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From my experience using such fine grits at the body filler stage is counter productive... 80 grit to 120 grit is a better choice at this stage. Get the filler surface 95% perfect with the mentioned grits then spray on the polyester filler, block with 120 grit out to 98% straight then use the Urethane primer to get to the final perfect flat surface. I sprayed the first coat of Urethane then did a "quick" initial block with 120 grit then switched to 150 grit for final. Then another round of the Urethane and then 320 grit swipe followed with a final 400 grit before sealer and paint.
One important thing is to change out the sand paper OFTEN, It may feel like it has lots of bite left but after only a couple square feet of sanding it looses its sharp edge and what happens is you end up putting undulations on the surface if you try to get the most of it.
 

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Discussion Starter · #19 ·
From my experience using such fine grits at the body filler stage is counter productive... 80 grit to 120 grit is a better choice at this stage. Get the filler surface 95% perfect with the mentioned grits then spray on the polyester filler, block with 120 grit out to 98% straight then use the Urethane primer to get to the final perfect flat surface. I sprayed the first coat of Urethane then did a "quick" initial block with 120 grit then switched to 150 grit for final. Then another round of the Urethane and then 320 grit swipe followed with a final 400 grit before sealer and paint.
One important thing is to change out the sand paper OFTEN, It may feel like it has lots of bite left but after only a couple square feet of sanding it looses its sharp edge and what happens is you end up putting undulations on the surface if you try to get the most of it.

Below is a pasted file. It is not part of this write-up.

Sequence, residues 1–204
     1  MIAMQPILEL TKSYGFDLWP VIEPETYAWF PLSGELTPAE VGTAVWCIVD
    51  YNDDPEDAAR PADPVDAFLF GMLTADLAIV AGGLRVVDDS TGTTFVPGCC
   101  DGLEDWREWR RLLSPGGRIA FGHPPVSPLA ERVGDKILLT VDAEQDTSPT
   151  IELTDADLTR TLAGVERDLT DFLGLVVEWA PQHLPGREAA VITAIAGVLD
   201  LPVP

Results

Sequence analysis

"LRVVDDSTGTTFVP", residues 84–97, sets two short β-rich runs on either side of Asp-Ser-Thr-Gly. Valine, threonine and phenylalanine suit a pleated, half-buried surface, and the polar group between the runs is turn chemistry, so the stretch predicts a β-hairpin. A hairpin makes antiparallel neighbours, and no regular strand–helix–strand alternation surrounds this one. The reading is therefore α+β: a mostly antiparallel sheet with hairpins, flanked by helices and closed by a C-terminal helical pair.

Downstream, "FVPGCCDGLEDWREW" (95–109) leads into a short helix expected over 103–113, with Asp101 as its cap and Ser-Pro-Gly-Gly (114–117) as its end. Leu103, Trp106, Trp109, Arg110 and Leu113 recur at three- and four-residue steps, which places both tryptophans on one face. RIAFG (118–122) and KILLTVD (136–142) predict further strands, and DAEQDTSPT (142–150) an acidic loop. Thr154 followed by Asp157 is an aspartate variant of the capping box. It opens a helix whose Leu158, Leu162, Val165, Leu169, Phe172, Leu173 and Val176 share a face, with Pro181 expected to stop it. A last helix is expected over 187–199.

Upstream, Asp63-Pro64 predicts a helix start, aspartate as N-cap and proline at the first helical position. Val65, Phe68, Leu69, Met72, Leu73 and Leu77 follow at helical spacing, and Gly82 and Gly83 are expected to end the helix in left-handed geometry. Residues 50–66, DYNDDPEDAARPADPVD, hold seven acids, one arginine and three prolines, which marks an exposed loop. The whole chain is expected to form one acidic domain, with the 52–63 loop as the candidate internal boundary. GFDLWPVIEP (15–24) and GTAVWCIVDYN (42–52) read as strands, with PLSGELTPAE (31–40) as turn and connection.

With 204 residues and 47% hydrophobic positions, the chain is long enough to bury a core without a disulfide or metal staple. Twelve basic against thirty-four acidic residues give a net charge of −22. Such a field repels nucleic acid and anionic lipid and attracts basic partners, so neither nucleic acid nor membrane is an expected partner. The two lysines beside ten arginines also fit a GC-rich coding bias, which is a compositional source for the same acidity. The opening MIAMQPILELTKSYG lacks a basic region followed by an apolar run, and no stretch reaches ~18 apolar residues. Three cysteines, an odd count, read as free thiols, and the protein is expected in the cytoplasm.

I understand changing sand paper often is needed....never heard of "spray on polyester filler"....my limited experience from years back only used "primer". Is the use of the polyester filler a standard procedure and is Slick Sand a example? Also, your forth thumbnail shows your body with fill...at what stage is this?

Thanks for the info, Rocky
 

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....never heard of "spray on polyester filler"....my limited experience from years back only used "primer". Is the use of the polyester filler a standard procedure and is Slick Sand a example?
Yes. Slick Sand and Feather Fill G2 are high build primers manufactured by Evercoat; basically sprayable fillers. After the initial bodywork they are applied and then block sanded, theoretically burying sanding scratches, as well as minor waves and flaws. Featherfill builds 2-4 mils per coat, Slick Sand 4-6 per. SS has a longer pot life. After using both I prefer SS, though not by a wide margin, simply for the higher build. You'll find a little more discussion in my Mk4 bodywork thread linked below.

CC but is spot on in his post above ;) I do most of my shaping and cutting using 120 and 150 then go down to the 320/400 that I mentioned previously as a last pass before spraying SS or FF.

Jeff